Birds Can Teach Each Other to Talk
Wild parrots in Australia have been heard speaking English! They have apparently picked up words and phrases from pet birds which have escaped into the wild. Those walking in Sydney's parks have been startled by squawks of "Hello darling!" and "What's happening?" from the trees around them. Some of the words heard have been a little less than polite!
How Do Birds Talk?
Wild birds including galahs, sulphur-crested cockatoos and corellas have been heard repeating phrases which have clearly been passed on by domesticated birds which have either escaped or been released into the wild.
Birds are highly social creatures and their chicks learn to communicate by imitating the sounds made by their parents. They are also attentive to the birds at the top of the flock's pecking order. Birds do not have vocal cords. They are thought to use the muscles and membranes in their throats to direct airflow in order to make the required tones and sounds.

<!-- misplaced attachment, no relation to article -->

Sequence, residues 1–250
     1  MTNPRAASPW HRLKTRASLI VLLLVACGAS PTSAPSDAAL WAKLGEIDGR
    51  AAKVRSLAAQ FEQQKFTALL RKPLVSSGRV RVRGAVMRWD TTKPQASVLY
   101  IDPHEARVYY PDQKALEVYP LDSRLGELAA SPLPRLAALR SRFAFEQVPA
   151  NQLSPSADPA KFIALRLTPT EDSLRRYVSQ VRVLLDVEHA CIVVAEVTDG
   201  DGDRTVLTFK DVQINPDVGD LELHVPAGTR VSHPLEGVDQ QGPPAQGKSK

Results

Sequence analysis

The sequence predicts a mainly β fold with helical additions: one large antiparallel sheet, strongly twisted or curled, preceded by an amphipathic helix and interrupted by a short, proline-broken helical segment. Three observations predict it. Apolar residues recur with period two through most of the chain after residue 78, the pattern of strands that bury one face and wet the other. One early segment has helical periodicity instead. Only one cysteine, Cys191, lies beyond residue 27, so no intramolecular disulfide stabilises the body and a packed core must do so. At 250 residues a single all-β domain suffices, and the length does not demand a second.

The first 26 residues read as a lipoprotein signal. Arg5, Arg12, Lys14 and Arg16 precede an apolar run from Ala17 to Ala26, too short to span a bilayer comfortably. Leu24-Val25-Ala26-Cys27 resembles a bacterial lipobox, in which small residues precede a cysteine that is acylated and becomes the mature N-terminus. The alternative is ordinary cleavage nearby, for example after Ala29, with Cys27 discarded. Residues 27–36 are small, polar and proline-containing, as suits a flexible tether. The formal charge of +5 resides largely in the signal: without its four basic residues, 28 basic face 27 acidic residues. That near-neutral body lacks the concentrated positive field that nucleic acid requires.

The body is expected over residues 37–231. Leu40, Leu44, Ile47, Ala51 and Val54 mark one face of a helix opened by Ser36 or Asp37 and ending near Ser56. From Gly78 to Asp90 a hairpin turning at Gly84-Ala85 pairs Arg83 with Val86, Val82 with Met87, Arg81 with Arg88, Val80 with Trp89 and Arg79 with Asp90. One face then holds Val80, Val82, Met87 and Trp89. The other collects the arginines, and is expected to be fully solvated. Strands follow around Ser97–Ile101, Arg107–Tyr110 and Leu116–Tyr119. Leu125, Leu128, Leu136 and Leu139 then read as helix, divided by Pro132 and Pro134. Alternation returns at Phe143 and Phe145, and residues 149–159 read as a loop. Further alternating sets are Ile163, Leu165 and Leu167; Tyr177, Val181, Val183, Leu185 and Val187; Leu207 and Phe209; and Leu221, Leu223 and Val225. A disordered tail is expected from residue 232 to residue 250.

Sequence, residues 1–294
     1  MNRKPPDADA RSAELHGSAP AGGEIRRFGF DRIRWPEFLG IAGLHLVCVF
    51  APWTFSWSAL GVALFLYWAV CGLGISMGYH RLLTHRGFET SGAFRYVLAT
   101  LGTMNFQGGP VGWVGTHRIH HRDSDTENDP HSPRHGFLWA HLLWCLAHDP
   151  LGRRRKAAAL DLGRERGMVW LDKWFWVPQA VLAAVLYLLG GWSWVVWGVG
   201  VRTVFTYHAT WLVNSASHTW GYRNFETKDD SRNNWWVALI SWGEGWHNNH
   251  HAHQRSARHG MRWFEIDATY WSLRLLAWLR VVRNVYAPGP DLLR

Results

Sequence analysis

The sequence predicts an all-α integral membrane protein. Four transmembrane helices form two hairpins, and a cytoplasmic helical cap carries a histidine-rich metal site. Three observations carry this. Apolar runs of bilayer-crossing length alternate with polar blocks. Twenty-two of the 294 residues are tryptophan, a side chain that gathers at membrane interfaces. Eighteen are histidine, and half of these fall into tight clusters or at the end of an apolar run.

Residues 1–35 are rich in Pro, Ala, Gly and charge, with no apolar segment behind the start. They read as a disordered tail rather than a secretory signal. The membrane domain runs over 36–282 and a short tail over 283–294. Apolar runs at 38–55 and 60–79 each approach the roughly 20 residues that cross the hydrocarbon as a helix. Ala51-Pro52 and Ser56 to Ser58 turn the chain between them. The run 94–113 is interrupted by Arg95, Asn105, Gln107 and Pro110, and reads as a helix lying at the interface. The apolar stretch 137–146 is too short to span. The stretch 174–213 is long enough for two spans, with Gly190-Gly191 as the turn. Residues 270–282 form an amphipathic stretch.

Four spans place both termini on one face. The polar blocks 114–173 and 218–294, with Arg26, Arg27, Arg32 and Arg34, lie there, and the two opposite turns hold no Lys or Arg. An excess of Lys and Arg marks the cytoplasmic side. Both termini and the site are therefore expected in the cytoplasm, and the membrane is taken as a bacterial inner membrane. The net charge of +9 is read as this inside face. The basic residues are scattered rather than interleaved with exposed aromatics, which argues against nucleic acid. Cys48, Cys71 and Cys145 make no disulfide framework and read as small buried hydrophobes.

Which Birds Are Able to Talk?
Not all birds can learn to make new sounds. Thus far, only three groups of distantly related birds have been found to possess this ability. These are songbirds, parrots and hummingbirds which are all sociable species and intelligent. Communication is important to these birds and they can be truly amazing mimics. The birds have been heard accurately mimicking phones, car alarms and even the sound of chainsaws in the forests.
When pet birds find their way into the wild, other birds may find their vocabulary appealing and so start to mimic it. The birds make noises which sound like words but they won’t understand what they are saying. When they repeat expletives, they have no idea that they are being offensive!
The Implications for Human Speech
Research has shown that the brains of talking birds are organised in a similar way to those of humans when it comes to vocal learning. Birdsong even possesses grammar, although this is more primitive than the grammar of human speech. It is possible that further study of bird vocalisations could help us to better understand issues with our own speech such as stuttering.
Talking and the Pecking Order
In many species of bird, vocal skill is one of the factors which dictates an individual’s rank in the pecking order. This could explain why wild birds have proved keen to mimic the sounds made by the escaped pets. The words would be interesting and new to the other birds who would be anxious to demonstrate that they can make them too. New sounds give the birds more impressive vocal displays. In the avian world talk certainly isn’t cheap!